Pa. is wrong to fund crisis pregnancy centers. There are 7.2M reasons why | Heather MacDonald

I want to celebrate Gov. Josh Shapiro. I really do.

Just last week, I applauded the speed in which he directed repairs to I-95, and I had to laugh at how a menagerie of sports mascots were the first to cross over the newly constructed stretch of road.

I was glad to see Shapiro confirmed his Swiftie status by declaring “Never Grow Up” as his favorite Taylor Swift song.

He also found time in the midst of all of that to pay homage to a voting bloc that helped get him elected by creating the Advisory Commission for Next Generation Engagement. He has done a lot in a short time to showcase the grit and leadership he promised on the campaign trail.

While those are accomplishments worth celebrating, I have 7,263,000 reasons to be skeptical.


Waiting within Shapiro’s proposed budget is a smack in the face to the women of the Commonwealth.

After running on an unapologetically pro-choice platform, Shapiro’s budget would use $6.26 million taxpayer dollars to directly fund anti-abortion centers.

If that wasn’t enough, he also proposes giving them an additional million dollars which he would steal away from Temporary Aid to Needy Families, a federal program in place to help families in extreme poverty, for a total of $7,263,000.

If state governments snatching emergency money away from the needy to fund anti-abortion centers seems extreme, it’s because it is. Only about a dozen states directly fund anti-abortion centers, and only 9 double fund them through TANF welfare funds.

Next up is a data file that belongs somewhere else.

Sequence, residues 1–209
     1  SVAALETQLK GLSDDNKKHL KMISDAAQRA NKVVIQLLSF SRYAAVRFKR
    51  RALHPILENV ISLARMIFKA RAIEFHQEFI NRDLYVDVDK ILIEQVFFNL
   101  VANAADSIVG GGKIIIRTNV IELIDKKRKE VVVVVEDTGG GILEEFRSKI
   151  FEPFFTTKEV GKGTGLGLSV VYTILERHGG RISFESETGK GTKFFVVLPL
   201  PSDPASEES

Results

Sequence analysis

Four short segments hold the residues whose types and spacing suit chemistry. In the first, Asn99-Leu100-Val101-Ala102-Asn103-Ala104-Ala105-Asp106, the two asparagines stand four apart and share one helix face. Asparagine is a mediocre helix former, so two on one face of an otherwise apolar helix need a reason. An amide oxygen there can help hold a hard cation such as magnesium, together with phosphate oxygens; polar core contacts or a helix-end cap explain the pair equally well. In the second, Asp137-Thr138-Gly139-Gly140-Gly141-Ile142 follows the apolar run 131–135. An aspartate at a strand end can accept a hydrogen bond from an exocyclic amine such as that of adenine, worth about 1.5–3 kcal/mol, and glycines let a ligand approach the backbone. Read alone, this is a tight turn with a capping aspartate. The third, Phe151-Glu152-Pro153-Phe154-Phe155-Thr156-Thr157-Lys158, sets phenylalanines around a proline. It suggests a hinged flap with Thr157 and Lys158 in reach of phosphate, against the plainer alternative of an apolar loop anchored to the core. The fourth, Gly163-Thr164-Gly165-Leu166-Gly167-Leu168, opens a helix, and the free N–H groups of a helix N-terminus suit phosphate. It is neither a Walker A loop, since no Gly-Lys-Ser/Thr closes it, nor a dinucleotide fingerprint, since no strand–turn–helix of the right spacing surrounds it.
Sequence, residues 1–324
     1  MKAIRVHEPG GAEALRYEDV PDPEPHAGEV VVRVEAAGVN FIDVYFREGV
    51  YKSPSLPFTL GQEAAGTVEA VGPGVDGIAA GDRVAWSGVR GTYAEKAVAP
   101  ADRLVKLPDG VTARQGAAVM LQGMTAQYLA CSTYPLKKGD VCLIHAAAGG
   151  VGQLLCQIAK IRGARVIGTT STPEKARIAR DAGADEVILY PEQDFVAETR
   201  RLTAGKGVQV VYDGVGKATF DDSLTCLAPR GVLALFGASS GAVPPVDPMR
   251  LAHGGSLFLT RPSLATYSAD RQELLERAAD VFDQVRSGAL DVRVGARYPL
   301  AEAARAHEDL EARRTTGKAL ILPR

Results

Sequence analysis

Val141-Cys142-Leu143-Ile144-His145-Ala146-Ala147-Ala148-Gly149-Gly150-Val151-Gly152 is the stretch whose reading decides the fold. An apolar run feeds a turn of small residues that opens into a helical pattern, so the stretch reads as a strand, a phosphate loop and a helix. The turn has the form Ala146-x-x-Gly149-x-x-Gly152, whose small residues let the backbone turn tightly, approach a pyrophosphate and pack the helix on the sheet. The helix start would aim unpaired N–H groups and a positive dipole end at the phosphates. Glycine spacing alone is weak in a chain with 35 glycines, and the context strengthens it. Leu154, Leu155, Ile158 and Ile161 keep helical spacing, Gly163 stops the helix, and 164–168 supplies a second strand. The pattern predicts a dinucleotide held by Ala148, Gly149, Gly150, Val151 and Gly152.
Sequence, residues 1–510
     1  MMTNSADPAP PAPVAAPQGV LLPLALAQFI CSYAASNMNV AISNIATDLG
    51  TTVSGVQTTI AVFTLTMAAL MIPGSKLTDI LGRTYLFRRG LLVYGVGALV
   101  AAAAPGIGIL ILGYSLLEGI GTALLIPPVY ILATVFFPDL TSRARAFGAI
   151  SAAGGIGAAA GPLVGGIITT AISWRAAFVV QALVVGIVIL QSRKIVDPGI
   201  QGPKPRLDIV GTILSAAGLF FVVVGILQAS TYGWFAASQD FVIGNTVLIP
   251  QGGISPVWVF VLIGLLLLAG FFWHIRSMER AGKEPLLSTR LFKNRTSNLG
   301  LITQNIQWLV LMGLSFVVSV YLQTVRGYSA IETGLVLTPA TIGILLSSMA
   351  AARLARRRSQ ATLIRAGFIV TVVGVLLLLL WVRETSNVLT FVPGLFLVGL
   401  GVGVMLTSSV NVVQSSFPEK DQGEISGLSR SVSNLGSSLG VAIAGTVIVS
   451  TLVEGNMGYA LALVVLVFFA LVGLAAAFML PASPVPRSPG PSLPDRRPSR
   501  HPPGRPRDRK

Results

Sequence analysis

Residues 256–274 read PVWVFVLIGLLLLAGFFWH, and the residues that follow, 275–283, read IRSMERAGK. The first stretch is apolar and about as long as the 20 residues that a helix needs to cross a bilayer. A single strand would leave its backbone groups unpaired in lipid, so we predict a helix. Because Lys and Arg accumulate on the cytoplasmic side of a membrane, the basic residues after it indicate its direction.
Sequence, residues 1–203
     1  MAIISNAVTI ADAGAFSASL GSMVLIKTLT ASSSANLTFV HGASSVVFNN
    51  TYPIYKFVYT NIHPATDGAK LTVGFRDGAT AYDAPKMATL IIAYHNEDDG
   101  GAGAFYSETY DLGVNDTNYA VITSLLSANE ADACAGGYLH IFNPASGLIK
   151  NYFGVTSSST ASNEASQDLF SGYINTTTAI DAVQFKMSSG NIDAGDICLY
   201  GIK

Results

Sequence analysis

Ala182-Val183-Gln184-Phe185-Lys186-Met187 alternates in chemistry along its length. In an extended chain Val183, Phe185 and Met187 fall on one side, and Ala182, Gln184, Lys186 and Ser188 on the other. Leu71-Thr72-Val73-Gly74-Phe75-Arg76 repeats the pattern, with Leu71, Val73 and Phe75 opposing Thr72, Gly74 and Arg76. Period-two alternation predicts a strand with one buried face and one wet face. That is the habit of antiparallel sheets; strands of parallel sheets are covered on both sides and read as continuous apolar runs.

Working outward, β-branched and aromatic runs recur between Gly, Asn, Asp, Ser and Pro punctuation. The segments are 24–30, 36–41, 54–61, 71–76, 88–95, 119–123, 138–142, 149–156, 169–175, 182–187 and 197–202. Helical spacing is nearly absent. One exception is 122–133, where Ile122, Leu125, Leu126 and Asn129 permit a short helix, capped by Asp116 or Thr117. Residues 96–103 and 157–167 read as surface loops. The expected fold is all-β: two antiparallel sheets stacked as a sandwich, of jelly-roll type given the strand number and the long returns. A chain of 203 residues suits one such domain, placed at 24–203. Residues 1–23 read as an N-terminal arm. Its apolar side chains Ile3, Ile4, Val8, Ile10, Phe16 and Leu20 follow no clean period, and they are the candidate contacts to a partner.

Anti-abortion ground game  

One of the most successful tools “pro-life” extremists use is a wide reaching network of anti-abortion clinics also known as crisis pregnancy centers.

Advocates urge against using taxpayer money to fund crisis pregnancy centers 

You would be forgiven if you think of crisis pregnancy centers (CPCs) as small offshoots of local religious institutions. That is by design. In reality, CPCs outnumber abortion clinics 9:1, and 70% of clinics are affiliated with large umbrella groups of anti-abortion fanatics with budgets of millions of dollars.

In Pennsylvania that umbrella group is Real Alternatives, a group plagued by legal issues over misuse of funds and lack of transparency. Real Alternatives is 99% funded by the state yet owes little oversight to the public about how funds are spent.

Crisis pregnancy center scam  

The centers themselves serve no purpose other than to push anti-abortion views. CPCs cloak themselves in the veneer of a medical facility while being free of all standards of care and ethics imposed on actual medical providers. CPCs are staffed by volunteers, not doctors, and they are not bound by HIPPA or other confidentiality laws.

Of the CPCs in Pennsylvania:

  • Zero offer family planning.

  • Zero offer contraception.

  • Zero offer prenatal care.

More than 64% were found to give false or misleading information. More than 40% of publicly funded CPCs were found to advertise so-called “abortion pill reversal” a claim the American College of Obstetricians and Gynecologists call unethical and unscientific.

These are state funded “pregnancy centers” who unequivocally do not provide care for pregnant people. At a time where nearly 25% of counties are considered maternal care deserts, and maternal mortality is steadily rising, CPCs have been free to proliferate to the detriment of Pennsylvania’s women.

State-sponsored abuse